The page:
Missoula Symphony Orchestra

The Missoula Symphony Orchestra recorded its latest concert outdoors at a ranch near Kelly Island. It will stream on Friday, Oct. 16.

The notoriously fickle Montana weather cooperated when the Missoula Symphony needed it.

The orchestra had planned on recording its latest concert, with more than 30 musicians plus a technical crew, in St. Anthony’s Church. But when COVID-19 cases began spiking in the county, they decided to head back outside — on a ranch near Kelly Island owned by a supporter instead of taking any risks, said Jo May Salonen, the executive director.

It’s a “beautiful backdrop” where the musicians could space out, she said. Montana PBS shot with multiple camera angles, and the sound quality and balance were quite good, she said. The concert features Beethoven’s Symphony No. 7, supplemented by one classic, Samuel Barber’s Adagio for Strings in B-flat Minor and one modern work, Thomas Sleeper’s Four Wonders Overture.

The performance will be streamed on Friday, Oct. 16. (See box for info.)

As groups shift to online performances, there’s an open question about audience support if they’re competing against the bottomless supply of streaming competition. The Missoula Symphony has seen strong local turnout — its first online concert in September, also shot at the ranch, sold around 700 tickets, and Salonen said they were heartened by the level of support through individual buyers and season-ticket holders.

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Since the orchestra is in the final process of hiring a new music director, this concert was guest-conducted by Gordon Johnson, the retired longtime baton-wielder for the Great Falls Symphony. With highs in the low 70s during their rehearsals and shoot, and no rain or snow, “we totally lucked out,” he said. Wood-bodied string instruments and reeds are “very finicky” in heat or cold, much less precipitation.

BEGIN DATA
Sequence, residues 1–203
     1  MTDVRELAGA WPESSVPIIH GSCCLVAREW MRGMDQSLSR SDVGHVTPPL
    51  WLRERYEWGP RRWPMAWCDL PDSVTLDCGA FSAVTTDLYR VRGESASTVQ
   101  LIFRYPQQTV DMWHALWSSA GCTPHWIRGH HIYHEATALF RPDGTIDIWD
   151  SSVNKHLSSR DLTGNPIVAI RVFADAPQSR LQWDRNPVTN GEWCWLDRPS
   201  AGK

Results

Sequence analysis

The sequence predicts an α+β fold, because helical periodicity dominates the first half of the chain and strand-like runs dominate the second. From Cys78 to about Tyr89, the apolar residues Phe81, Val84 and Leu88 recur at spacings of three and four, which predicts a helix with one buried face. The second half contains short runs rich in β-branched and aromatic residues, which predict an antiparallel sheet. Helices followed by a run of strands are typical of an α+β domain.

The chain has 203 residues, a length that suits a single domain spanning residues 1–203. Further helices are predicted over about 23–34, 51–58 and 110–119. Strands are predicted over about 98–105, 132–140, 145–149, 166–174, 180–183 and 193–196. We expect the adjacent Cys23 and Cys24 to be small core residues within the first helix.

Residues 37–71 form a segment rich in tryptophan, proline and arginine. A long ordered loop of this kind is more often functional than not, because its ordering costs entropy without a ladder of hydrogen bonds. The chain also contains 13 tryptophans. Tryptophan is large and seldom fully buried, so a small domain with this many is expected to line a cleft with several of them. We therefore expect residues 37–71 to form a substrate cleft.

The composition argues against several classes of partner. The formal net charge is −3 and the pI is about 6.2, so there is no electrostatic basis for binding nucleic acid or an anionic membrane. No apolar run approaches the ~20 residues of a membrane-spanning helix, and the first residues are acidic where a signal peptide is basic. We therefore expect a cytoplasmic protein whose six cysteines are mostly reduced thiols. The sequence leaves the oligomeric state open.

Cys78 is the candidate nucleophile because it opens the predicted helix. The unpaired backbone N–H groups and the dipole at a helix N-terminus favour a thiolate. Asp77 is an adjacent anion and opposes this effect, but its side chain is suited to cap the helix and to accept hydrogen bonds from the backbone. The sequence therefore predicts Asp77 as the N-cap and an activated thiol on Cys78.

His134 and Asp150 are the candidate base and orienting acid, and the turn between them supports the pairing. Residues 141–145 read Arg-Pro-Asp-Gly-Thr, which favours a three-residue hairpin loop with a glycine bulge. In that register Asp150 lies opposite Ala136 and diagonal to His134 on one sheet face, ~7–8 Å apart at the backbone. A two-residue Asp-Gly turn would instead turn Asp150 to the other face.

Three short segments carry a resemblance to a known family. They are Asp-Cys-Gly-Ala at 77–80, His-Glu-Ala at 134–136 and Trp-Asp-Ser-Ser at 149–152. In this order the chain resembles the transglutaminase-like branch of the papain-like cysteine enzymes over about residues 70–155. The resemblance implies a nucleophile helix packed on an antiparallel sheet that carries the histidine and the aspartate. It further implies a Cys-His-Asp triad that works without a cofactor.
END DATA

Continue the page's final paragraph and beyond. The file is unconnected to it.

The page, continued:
They rehearsed for two evenings, from around 5:30-7:30 p.m., and then shot two nights to give the video editors two takes to choose from.

While Montana orchestras perform outside regularly, they’re typically in a bandshell or performance space with hard surfaces that provide better acoustics. On grass with musicians spaced apart, they had to listen more closely, he said. Beethoven is known for using extreme dynamics that also had to be accounted for. His writing is precise, requiring “a great deal of attention in terms of hearing,” he said.

Playing without an audience is inevitably different, too.

“You play with the same heart, skill … you would under any circumstance,” he said, but “cameras don’t lie and sound recordings don’t lie,” another layer of pressure to try to overcome.

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Regarding the conductor search, the final candidate, Zoe Zeonadi, was supposed to visit last spring as an audition/interview. That was delayed until this fall, but the pandemic made it too complicated. Among other factors, Zeonadi lives in Greece. The final selection will be made soon, Salonen said.

The four candidates, all of whom interviewed and conducted a masterworks concert during the 2019-20 season, will take over during a challenging season. Plans for the remaining two masterworks concerts in the first half of 2021 haven’t been announced yet, as the potential for gatherings — for musicians or audience members — changes quickly.

The Holiday Pops concert will go on as a streamed event, too, although they’re still working on details. Singing remains a high-risk activity, so the Chorale members will record individual performances that will be edited together.